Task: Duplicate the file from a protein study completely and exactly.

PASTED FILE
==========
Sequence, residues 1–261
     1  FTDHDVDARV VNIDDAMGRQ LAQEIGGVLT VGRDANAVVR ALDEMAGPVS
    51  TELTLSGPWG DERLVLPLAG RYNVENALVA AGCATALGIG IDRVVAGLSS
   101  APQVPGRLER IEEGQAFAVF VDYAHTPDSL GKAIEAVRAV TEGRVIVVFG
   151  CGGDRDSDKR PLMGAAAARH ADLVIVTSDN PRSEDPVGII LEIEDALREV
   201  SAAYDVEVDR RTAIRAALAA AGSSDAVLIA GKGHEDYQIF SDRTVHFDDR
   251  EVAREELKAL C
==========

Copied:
Sequence, residues 1–261
     1  FTDHDVDARV VNIDDAMGRQ LAQEIGGVLT VGRDANAVVR ALDEMAGPVS
    51  TELTLSGPWG DERLVLPLAG RYNVENALVA AGCATALGIG IDRVVAGLSS
   101  APQVPGRLER IEEGQAFAVF VDYAHTPDSL GKAIEAVRAV TEGRVIVVFG
   151  CGGDRDSDKR PLMGAAAARH ADLVIVTSDN PRSEDPVGII LEIEDALREV
   201  SAAYDVEVDR RTAIRAALAA AGSSDAVLIA GKGHEDYQIF SDRTVHFDDR
   251  EVAREELKAL C